Published online 7 October 2009 | Nature | doi:10.1038/news.2009.979

News

Huge 'ghost' ring discovered around Saturn

Spitzer Space Telescope reveals a supersized dust belt.

SaturnAstronomers have found an enormous ghostly ring around Saturn.Science Photo Library

Saturn's ring system has just got a lot larger, with the discovery of a faint ring that stretches out millions of kilometres into space.

But this new ring, which follows the orbit of one of Saturn's moons, Phoebe, is unlike any of the other rings that are closer to the planet: as well as being much thicker and wider, it is tilted from the plane of the other rings.

Saturn's rings were first described by astronomer and mathematician Christiaan Huygens in 1655. Since then, astronomers have discovered more details about the number of rings in the system and their composition, aided recently by NASA's Cassini–Huygens mission. It was thought that the farthest ring from Saturn — until now the largest known ring in the Solar System — was the E ring, which stretches from a distance of 3 Rs (where Rs is the radius of Saturn, equal to 60,330 kilometres) to 8 Rs, and is fed by active geysers on Saturn's icy moon Enceladus.

However, this new ring dwarfs all the others, extending from approximately 128 Rs to 207 Rs with a vertical thickness of 40 Rs. "It is an analogue of the 'tiny' rings around Saturn, but on an immense scale," says Michael Skrutskie of the University of Virginia in Charlottesville, and one of the paper's authors1. "It is also a very tenuous ring, with an optical depth of only 2 x 10–8. That is the equivalent of 20 grains of material per cubic kilometre."

Cryogenic clues

The extremely sparse nature of the ring means that it reflects very little light and is practically invisible, which is why it has previously escaped detection. Its existence was proposed based on the discovery of other satellite-associated rings — such as the Janus–Epimetheus Ring around Saturn detected in 2006 — which are formed from material ejected from planetary satellites following an impact.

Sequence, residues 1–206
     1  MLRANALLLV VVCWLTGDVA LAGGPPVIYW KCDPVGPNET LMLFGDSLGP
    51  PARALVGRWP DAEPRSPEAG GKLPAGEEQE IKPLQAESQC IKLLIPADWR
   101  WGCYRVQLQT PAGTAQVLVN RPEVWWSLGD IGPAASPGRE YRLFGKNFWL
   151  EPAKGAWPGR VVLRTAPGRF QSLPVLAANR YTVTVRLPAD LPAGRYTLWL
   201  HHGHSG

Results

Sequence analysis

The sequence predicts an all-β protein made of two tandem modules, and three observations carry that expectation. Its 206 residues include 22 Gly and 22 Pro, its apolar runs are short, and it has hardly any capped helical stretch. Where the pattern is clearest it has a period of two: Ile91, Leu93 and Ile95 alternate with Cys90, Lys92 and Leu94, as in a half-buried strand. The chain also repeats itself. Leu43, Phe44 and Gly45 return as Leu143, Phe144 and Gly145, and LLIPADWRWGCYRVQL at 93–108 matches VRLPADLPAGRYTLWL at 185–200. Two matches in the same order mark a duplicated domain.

Phoebe ringPhoebe Ring is much further out than Saturn's other rings.NASA/JPL-Caltech/R.Hurt (SSC) Inset image: NASA/WM.Keck Observatory/JPL-G. Orton

"This was something that was not suspected before the Cassini mission," says Carl Murray, from the astronomy unit at Queen Mary, University of London, and a member of the Cassini imaging team. "We have since come to the conclusion that the origins of many of Saturn's inner rings are its satellites. Of course, these are very optically-thin rings and nothing like the spectacular rings we normally associate with Saturn."

The new 'Phoebe Ring' describes the outer boundaries of Phoebe's orbit, and is at an angle of 27° with respect to the other rings. Phoebe travels in the opposite direction to most of the planet's other moons. The ring was detected by thermal emission using the Spitzer Space Telescope's Multiband Imaging Photometer, which uses a cryogenic system to enable it to see such weak infrared signals. Skrutskie and his team confirmed their observations with images from the Spitzer archive.

And in a bonus discovery, the team think they may also have solved an astronomical mystery. One hemisphere of Iapetus, the next moon in from Phoebe, is much darker in colour than the other half — an observation that astronomers have never fully explained. The team now believes that the Phoebe Ring could be the missing source of the darker material, as well as being responsible for reddish deposits on Hyperion, another Saturnian moon. However, the team has not yet managed to accurately determine the ring's structure or composition to confirm this hypothesis: "Now that Spitzer has exhausted its cryogen, we cannot make any more observations that way," Skrutskie explains.

Further observations of the Phoebe Ring will have to wait until the infrared-optimized James Webb Space Telescope is operational following its launch in 2014. Until then, there will almost inevitably be more surprises from Saturn, Murray predicts. "I doubt this ring could have been seen with Cassini; it shows how important it is to have different instruments working towards the same goal." 

  • References

    1. Verbiscer, A. J., Skrutskie, M. F. & Hamilton, D. P. Nature advance online publication doi:10.1038/nature08515 (2009).
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